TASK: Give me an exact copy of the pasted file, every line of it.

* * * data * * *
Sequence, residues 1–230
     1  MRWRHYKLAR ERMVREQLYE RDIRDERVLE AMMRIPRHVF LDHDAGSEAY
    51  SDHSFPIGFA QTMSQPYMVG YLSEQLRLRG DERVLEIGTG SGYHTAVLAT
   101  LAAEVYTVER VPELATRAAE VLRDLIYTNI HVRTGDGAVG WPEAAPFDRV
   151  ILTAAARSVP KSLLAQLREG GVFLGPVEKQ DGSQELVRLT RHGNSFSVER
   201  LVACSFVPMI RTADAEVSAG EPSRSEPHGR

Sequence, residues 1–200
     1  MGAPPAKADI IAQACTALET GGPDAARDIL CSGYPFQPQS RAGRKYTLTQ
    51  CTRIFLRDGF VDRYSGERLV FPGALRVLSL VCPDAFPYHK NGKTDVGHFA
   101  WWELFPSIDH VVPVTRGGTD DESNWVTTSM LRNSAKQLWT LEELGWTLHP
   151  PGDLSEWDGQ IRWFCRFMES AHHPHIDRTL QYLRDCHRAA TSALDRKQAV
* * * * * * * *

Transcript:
Sequence, residues 1–230
     1  MRWRHYKLAR ERMVREQLYE RDIRDERVLE AMMRIPRHVF LDHDAGSEAY
    51  SDHSFPIGFA QTMSQPYMVG YLSEQLRLRG DERVLEIGTG SGYHTAVLAT
   101  LAAEVYTVER VPELATRAAE VLRDLIYTNI HVRTGDGAVG WPEAAPFDRV
   151  ILTAAARSVP KSLLAQLREG GVFLGPVEKQ DGSQELVRLT RHGNSFSVER
   201  LVACSFVPMI RTADAEVSAG EPSRSEPHGR

Sequence, residues 1–200
     1  MGAPPAKADI IAQACTALET GGPDAARDIL CSGYPFQPQS RAGRKYTLTQ
    51  CTRIFLRDGF VDRYSGERLV FPGALRVLSL VCPDAFPYHK NGKTDVGHFA
   101  WWELFPSIDH VVPVTRGGTD DESNWVTTSM LRNSAKQLWT LEELGWTLHP
   151  PGDLSEWDGQ IRWFCRFMES AHHPHIDRTL QYLRDCHRAA TSALDRKQAV